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SCOTUS Hands Website Win in False Data Case

(CN) - A divided Supreme Court on Monday held that Internet search engines that post inaccurate information about people cannot be sued unless the errors cause actual harm.

With their 6-2 ruling, the justice threw out an Ninth Circuit ruling in favor of a Virginia man who sued, a search engine that aggregates information about individuals, after it posted an online profile about him that was rife with errors.

Thomas Robins claimed the Spokeo profile was wrong about his age, his level of education, his employment history and his marital status.

According to his Spokeo profile, Robins' had a graduate degree, was employed and making serious money, and was married with children.

In reality, at the time his profile appeared, he was single, unemployed, and looking for work.

Robins sued Spokeo in 2010, claiming in a class action filed under the federal Fair Credit Reporting Act that the profile hurt his job prospects.

The Act which requires consumer reporting agencies to offer accurate information.

Under its terms, Robins stood to collect damages of up to $1,000 for each error, without having to show they caused him any harm.

U.S. District Judge Otis Wright dismissed Robins's first complaint for lack of standing, and eventually did the same with an amended complaint. The judge found that Robins had failed to show that he had suffered any actual harm.

In February 2014, a Ninth Circuit panel revived the case, holding, in the words of U.S. Circuit Judge Diarmuid O'Scannlain, that "The statutory cause of action does not require a showing of actual harm when a plaintiff sues for willful violations," Judge wrote for the panel.

"When, as here, the statutory cause of action does not require proof of actual damages, a plaintiff can suffer a violation of the statutory right without suffering actual damages," he added.

But Justice Samuel Alito, writing for the majority, held that a person cannot show an injury simply by claiming a "bare procedural violation" of the credit reporting statute.

"Congress' role in identifying and elevating intangible harms does not mean that a plaintiff automatically satisfies the injury-in-fact requirement whenever a statute grants a person a statutory right and purports to authorize that person to sue to vindicate that right," Alito wrote.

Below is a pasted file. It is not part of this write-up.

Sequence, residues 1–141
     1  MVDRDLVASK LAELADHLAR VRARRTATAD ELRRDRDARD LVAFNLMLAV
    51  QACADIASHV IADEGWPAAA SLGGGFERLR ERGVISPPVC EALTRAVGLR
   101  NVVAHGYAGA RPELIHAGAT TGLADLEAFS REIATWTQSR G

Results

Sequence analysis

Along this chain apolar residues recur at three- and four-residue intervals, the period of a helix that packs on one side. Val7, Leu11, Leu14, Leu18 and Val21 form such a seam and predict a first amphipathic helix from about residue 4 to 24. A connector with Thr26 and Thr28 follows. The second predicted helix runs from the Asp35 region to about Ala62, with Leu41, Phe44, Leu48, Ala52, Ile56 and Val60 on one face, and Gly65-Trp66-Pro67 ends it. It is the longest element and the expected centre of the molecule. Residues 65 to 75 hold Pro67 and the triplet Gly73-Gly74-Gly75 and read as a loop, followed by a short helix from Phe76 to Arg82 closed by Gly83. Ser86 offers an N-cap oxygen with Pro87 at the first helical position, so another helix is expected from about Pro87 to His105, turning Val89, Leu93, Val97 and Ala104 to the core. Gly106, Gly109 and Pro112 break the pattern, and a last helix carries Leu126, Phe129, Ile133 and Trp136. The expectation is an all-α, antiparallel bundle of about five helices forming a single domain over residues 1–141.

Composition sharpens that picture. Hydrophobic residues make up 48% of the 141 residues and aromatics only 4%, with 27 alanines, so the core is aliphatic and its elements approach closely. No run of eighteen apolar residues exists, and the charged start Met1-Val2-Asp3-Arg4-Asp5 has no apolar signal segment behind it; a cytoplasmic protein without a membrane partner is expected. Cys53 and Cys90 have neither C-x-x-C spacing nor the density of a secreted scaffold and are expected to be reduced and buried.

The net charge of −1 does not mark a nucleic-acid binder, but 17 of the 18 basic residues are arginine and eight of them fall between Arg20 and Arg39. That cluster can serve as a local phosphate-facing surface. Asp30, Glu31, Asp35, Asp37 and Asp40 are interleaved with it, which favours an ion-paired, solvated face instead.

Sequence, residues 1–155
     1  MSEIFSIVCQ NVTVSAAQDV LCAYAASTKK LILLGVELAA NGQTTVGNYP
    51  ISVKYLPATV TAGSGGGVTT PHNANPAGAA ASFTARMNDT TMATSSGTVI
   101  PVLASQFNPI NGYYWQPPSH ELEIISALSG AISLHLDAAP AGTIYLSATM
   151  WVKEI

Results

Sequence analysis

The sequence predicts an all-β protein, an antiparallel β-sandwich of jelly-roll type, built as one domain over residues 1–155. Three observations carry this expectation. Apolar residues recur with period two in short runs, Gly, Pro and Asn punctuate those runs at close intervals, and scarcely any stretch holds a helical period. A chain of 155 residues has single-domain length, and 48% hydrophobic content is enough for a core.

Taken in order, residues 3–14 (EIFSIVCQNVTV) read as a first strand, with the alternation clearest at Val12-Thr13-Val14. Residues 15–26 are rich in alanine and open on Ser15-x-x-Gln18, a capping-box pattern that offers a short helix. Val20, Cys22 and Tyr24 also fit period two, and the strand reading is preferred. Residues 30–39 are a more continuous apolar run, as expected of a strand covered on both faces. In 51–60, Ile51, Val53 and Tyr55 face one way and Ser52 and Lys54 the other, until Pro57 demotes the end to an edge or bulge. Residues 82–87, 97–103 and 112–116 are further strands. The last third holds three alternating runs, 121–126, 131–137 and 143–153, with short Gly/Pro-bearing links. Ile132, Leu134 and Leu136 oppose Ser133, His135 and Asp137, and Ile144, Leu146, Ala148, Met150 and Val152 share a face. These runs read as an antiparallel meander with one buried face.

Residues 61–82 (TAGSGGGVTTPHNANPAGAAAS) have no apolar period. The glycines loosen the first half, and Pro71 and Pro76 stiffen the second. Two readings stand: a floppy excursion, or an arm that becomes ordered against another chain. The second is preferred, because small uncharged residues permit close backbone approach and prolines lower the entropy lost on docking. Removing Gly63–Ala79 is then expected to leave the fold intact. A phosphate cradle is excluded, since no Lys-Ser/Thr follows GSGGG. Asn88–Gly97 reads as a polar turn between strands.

Article III standing requires a concrete injury even in the context of a statutory violation. For that reason, Robins could not, for example, allege a bare procedural violation, divorced from any concrete harm, and satisfy the injury-in-fact requirement of Article III."

But Alito went on to acknowledge, in the very next paragraph of his opinion, that "the risk of real harm" could be enough.

"For example, the law has long permitted recovery by certain tort victims even if their harms may be difficult to prove or measure," he explained. " Just as the common law permitted suit in such instances, the violation of a procedural right granted by statute can be sufficient in some circumstances to constitute injury in fact.

" In the context of this particular case, these general principles tell us two things: On the one hand, Congress plainly sought to curb the dissemination of false information by adopting procedures designed to decrease that risk," Alito said. "On the other hand, Robins cannot satisfy the demands of Article III by alleging a bare procedural violation. A violation of one of the FCRA's procedural requirements may result in no harm."

He concluded: "Because the Ninth Circuit failed to fully appreciate the distinction between concreteness and particularization, its standing analysis was incomplete. It did not address the question framed by our discussion, namely, whether the particular procedural violations alleged in this case entail a degree of risk sufficient to meet the concreteness requirement."

The ruling is considered a positive development for scores of social media and technology firms, who feared that lawsuits over minor mistakes could cost them hundreds of millions in damages.

Justice Ruth Bader Ginsburg wrote a dissent, which Justice Sonia Sotomayor joined. Justice Clarence Thomas wrote a concurring opinion.

In her dissent Ginsburg said Robins had shown he was harmed because Spokeo's inaccuracies created the false impression he was overqualified for work he was seeking or that he might be unwilling to relocate for a job due to family.

"Robins would not qualify, the Court observes, if he alleged a 'bare' procedural violation ... one that results in no harm, for example, "an incorrect zip code," Ginsburg wrote. "Far from an incorrect zip code, Robins complains of misinformation about his education, family situation, and economic status, inaccurate representations that could affect his fortune in the job market.

Quoting from an Amici Curiae brief filed by the Center for Democracy & Technology, Ginsburg continued:

"Spokeo's inaccuracies bore on Robins' 'ability to find employment by creating the erroneous impression that he was overqualified for the work he was seeking, that he might be unwilling to relocate for a job due to family commitments, or that his salary demands would exceed what prospective employers were prepared to offer him.'"

Therefore, she said, " I ... see no utility in returning this case to the Ninth Circuit to underscore what Robins' complaint already conveys concretely: Spokeo's misinformation 'cause[s] actual harm to [his] employment prospects.'"

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